Even if you are brimming with talent and possibility, your career can come to a grinding halt. The culprit in most cases? Good ole fear. In this case, workplace fears, including hidden ones.
So many times in my coaching experience, I find myself talking to someone and hear the fear. They might be asking me about the right way to interview, or the best approach to get ahead. But I clearly hear the fear. And it gets in their way. No matter what approach we might come up with for them, the fear has to be addressed first and foremost.
Workplace fears keep you from growing
Although the word fear can apply to a variety of situations, there is more than one “shade” of fear. And even if the end result might look the same (rejection in some form), it may help to realize where your particular fear is rooted.
NOTE: You may have more than one of these fears, even active at the same time.
1. Fear of failure
You are so afraid of failing that you choose not to take any risks — to the point of not taking on things you might enjoy and grow from. While I know it can be hard to remember when the pressure is on, many very successful people failed. The secret to success is trying anyway. And how you go on from that point.
2. Fear of being shamed
This is a very old fear being reactivated. As children, we are often shamed. By parents, schoolmates, teachers. So when faced with a chance to take on something new, we worry we won’t be good enough. And that people will laugh at us. They might. But again, it’s how you move forward. And how you carry yourself. Sometimes, it’s even laughing along — and then showing your strengths next time.
3. Fear of looking stupid
Similar to fear of being shamed, we worry we’ll be labeled in some way. But “stupid” is only a label that sticks if we give it too much power. And usually, it’s more about the person creating the label. It might help to think about what insecurities THEY are trying to divert attention from.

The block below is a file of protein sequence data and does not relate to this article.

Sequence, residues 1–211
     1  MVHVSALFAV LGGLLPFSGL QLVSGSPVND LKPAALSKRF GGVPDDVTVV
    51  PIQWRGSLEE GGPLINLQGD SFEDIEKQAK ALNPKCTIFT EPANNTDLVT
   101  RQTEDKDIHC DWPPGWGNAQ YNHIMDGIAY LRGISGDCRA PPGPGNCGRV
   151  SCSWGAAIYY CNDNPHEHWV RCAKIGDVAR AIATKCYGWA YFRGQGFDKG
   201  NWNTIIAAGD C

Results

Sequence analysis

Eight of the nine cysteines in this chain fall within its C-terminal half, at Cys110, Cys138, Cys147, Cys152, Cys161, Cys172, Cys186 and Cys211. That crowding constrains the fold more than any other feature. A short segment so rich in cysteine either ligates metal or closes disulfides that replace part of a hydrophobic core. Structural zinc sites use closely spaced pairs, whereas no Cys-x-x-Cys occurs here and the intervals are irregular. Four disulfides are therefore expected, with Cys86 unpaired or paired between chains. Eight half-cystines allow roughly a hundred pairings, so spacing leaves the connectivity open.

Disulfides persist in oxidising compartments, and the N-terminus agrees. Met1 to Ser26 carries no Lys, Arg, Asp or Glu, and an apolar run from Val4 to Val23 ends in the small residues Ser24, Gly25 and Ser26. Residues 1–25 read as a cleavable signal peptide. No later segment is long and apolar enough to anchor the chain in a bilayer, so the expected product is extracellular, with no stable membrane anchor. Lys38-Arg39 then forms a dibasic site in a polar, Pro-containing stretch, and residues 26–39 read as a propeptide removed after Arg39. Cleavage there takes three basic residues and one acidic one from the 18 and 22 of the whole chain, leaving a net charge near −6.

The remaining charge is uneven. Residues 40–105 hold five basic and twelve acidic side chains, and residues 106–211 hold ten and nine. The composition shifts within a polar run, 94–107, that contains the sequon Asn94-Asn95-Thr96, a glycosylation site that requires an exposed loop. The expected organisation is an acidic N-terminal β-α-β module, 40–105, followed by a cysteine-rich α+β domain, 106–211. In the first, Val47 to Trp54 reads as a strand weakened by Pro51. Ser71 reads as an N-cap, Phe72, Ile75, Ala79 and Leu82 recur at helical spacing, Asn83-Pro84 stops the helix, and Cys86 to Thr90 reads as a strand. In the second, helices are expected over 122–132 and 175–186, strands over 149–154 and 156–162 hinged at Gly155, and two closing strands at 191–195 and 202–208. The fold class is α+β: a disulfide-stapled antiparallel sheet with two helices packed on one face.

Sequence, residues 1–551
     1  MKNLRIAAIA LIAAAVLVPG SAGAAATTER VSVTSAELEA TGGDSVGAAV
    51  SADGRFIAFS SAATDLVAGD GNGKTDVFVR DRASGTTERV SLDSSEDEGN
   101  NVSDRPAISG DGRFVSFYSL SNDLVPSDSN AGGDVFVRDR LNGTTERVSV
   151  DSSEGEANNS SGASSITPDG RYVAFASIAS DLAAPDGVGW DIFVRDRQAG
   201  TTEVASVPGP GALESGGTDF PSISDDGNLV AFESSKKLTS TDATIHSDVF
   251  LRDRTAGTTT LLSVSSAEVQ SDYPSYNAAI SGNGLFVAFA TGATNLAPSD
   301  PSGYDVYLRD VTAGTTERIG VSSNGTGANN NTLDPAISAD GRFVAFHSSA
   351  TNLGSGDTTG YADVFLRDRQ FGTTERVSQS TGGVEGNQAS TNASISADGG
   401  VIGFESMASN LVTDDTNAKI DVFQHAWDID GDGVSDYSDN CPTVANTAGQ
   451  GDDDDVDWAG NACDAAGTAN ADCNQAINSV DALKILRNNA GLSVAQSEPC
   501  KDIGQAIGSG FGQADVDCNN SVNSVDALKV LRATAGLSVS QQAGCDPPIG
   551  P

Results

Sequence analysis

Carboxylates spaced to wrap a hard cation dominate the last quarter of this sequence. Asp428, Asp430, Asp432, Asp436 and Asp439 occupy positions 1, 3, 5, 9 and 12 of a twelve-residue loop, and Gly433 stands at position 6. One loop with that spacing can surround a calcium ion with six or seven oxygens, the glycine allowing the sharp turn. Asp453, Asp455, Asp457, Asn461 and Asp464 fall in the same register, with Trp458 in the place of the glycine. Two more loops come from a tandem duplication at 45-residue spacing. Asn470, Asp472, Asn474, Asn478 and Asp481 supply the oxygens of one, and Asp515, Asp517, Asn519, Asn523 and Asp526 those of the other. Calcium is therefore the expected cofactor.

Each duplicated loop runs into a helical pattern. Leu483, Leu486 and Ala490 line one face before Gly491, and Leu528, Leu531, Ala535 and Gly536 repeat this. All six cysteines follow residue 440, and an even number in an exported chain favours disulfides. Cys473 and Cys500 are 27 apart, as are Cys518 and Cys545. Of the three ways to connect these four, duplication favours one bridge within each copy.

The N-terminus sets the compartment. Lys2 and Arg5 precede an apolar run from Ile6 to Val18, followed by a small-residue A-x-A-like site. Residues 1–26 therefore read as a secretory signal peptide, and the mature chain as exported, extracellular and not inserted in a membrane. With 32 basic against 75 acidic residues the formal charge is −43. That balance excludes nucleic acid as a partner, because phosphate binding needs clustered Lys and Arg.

Even more important, what matters most is what you think of yourself. If you have any doubts and feel the stupid label might be close to the truth, take actions to learn things and become an expert in something you really enjoy. Something useful to those around you. The best way to fight a label is to step past it and strengthen yourself.
4. Fear of being seen as a lightweight
Once again, this is a label others might try to put on you. But the remedy is within yourself. The sooner we learn not to be held down by the opinions of those who may have their own selfish agendas, the sooner we can grow at work and beyond.
5. Fear of never being able to recover
This example of workplace fears is especially paralyzing. Not only are you worried about near-term repercussions, but there is a deep terror of having this stick forever.
So please remember — nothing sticks forever if we learn how to move forward with our own momentum. But as long as we let the opinions of others drive the car, we miss out on places we really want to get to.
Where workplace fears get power
As I mentioned earlier, many of our fears come from associations that were created years ago – often in childhood, a time when you felt especially powerless. Sadly, many parents do use shame and rejection to try to “teach.” And that emotional connection to the shamer makes you even more vulnerable to the way your actions would be received. (Also a connection that years later can be transferred to a boss.)
So what really gets taught all too often is that you are safer to step back and shut up. Why risk being shamed or minimized (rejected) in some way? And that message sticks deep inside. As we grow up and find our own power, these memories can still rise up to enhance any fear we feel when encountering a new or challenging situation.
The good news is that we are in charge. True, the fear is inside us. But we can learn not only to face it head on, but to move on despite it. Courageous people still have the fear, they just find their own way to dial down its voice and step beyond. But if we keep letting the fear stop us, it grows and grows until we actually forget we do have the power to face our fears. And the power to give ourselves new experiences that can help tame them.
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